Artikel

Despite the fact that Louis van Dam’s name only appeared in an abbreviated from in the newspaper, it was still known that he had reported the smugglers. Louis and his family received death threats afterwards because of this they moved again, this time to Amsterdam.

A few months after they moved, the German army invaded the Netherlands. Louis’s son Guus got involved in a students resistance group and was arrested at the end of 1941 or start of 1942.

Guus

Although the intended target for the arrest was Louis himself, some neighbours had betrayed him for listening to an English radio station, which was forbidden by the Nazi authorities. But Louis was ill and Guus was arrested instead.

Guus was sent to Auschwitz on November 10th,1942 via Scheveningen, Amersfoort and  Westerbork. It is not known where he died , his formal death certificate states date of death March 31,1944 in middle Europe, aged 22.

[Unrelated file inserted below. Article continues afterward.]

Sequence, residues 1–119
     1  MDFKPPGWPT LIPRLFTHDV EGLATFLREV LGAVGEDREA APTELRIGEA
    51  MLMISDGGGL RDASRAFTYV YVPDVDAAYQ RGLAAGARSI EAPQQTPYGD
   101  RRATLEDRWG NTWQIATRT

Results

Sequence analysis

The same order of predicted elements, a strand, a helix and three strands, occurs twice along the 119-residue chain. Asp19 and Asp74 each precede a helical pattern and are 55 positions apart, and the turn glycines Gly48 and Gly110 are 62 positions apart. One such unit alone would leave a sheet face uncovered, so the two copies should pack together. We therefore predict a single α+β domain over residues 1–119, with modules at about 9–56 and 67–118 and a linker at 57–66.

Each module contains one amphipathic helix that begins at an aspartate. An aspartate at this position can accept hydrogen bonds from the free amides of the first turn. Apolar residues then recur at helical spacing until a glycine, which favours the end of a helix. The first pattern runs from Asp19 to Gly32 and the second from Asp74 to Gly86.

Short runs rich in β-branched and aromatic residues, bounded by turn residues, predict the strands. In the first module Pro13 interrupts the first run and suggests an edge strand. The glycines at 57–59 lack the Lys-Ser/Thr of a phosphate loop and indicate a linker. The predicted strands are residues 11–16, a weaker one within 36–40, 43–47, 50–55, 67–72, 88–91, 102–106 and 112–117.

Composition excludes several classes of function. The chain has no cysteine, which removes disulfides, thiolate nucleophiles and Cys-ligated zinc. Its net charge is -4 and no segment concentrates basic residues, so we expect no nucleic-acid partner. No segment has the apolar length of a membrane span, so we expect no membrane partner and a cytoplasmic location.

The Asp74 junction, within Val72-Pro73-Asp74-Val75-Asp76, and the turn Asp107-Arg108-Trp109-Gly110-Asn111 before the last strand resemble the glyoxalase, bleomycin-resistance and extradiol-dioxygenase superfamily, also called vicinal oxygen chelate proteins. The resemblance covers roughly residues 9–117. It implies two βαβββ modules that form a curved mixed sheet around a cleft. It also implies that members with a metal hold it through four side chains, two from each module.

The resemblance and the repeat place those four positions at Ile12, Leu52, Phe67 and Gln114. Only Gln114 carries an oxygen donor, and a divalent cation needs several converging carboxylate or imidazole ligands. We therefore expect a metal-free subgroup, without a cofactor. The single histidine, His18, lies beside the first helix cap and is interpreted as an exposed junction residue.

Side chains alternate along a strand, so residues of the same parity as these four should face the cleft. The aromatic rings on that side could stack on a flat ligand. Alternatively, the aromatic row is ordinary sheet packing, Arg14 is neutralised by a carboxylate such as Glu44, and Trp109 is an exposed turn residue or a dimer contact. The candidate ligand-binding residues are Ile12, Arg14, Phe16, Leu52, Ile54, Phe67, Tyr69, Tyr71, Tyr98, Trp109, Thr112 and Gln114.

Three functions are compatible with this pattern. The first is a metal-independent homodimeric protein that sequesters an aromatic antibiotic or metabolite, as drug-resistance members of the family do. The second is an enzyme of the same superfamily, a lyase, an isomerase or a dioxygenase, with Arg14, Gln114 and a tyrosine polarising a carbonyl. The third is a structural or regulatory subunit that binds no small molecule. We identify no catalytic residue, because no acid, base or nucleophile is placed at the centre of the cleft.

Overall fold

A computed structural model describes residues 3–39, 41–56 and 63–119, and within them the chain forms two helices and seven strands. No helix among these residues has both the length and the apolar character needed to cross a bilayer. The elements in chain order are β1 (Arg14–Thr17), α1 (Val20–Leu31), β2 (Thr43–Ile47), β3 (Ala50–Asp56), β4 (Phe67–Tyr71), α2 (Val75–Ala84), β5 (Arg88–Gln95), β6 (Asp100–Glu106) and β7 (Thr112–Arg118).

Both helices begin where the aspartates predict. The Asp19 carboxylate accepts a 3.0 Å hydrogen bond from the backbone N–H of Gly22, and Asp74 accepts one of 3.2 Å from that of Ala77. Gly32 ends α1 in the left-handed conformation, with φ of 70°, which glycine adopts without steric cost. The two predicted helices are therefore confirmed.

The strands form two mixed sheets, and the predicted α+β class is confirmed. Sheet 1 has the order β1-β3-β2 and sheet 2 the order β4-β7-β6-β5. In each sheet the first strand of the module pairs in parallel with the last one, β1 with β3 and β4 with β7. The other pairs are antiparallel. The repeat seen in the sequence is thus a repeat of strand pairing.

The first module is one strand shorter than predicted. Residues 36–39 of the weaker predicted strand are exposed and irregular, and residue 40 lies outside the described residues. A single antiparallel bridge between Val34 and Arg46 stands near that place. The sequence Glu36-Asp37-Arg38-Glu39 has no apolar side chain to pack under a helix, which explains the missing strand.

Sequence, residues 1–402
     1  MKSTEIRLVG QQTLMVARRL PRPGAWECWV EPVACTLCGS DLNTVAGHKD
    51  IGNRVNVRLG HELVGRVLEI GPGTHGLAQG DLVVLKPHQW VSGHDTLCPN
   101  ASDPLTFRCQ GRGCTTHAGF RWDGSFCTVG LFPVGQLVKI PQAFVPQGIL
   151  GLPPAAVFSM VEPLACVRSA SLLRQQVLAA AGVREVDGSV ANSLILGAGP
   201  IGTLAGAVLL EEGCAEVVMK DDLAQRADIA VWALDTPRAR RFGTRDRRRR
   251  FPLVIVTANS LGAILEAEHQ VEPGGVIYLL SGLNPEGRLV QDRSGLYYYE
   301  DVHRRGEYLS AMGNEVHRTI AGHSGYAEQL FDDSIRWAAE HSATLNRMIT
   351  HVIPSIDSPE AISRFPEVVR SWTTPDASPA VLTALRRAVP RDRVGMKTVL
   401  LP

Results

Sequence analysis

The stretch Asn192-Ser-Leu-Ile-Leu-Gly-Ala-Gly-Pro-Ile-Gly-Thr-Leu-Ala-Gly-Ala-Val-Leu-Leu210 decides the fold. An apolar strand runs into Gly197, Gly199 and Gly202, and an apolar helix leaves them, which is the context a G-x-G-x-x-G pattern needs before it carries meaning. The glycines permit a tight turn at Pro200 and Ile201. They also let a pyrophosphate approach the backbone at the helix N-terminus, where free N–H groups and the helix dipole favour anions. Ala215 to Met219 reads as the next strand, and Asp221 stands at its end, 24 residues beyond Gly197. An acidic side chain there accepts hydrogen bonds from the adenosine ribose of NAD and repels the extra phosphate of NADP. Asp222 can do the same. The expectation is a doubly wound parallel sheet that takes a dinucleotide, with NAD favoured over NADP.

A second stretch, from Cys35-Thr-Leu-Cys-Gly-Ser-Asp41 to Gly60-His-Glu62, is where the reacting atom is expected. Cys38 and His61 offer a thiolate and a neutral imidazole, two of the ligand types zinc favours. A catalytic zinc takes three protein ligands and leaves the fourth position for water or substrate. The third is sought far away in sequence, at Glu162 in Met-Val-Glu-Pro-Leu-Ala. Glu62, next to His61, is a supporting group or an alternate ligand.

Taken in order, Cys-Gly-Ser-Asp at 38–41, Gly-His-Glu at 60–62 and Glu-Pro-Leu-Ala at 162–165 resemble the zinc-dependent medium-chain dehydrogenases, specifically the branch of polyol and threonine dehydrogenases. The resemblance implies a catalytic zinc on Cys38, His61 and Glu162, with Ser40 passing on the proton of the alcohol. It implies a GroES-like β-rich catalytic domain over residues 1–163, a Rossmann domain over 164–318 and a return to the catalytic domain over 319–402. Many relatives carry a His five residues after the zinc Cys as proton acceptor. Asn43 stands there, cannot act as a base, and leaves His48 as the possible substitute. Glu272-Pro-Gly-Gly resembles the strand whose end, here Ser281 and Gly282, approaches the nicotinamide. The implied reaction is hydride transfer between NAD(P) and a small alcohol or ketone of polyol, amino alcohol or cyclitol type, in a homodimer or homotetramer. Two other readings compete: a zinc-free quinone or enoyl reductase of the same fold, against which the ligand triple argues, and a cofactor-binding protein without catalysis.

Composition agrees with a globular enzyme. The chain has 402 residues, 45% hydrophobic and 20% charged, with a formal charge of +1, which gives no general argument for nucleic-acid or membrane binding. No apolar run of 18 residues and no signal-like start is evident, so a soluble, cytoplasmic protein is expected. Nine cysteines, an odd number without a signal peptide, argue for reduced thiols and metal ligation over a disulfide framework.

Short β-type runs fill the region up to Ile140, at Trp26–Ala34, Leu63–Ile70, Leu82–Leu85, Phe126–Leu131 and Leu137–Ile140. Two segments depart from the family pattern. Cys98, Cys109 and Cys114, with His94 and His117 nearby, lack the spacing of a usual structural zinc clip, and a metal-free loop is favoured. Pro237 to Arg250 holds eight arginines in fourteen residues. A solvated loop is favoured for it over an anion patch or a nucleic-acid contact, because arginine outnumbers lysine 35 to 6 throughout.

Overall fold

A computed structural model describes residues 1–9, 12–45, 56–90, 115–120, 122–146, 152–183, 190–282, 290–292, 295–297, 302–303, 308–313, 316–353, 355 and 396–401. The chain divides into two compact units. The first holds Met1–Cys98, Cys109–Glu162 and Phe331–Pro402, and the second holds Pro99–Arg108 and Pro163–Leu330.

Louis, his wife and 2 daughters, Roos en Mimi, went into hiding.

van dam

Louis van Dam had gone into hiding using the alias Christiaan Willem Zijlstra. He died while in hiding and was buried under his alias at the Algemeene Begraafplaats Crooswijk in Rotterdam on 23 April 1945.

After the war  his remains were exhumed and  reburied at the Jewish cemetery Toepad in Rotterdam. Louis van Dam’s wife and daughter survived the war.

It just goes to show you can be passing by a house every day without being aware of the historical significance of it.

12

 

Donation

I am passionate about my site and I know a you all like reading my blogs. I have been doing this at no cost and will continue to do so. All I ask is for a voluntary donation of $2 ,however if you are not in a position to do so I can fully understand, maybe next time then. Thanks To donate click on the credit/debit card icon of the card you will use. If you want to donate more then $2 just add a higher number in the box left from the paypal link. Many thanks

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Sources

Stichting Stolpersteine Sittard-Geleen

Joods Monument

Google Streetview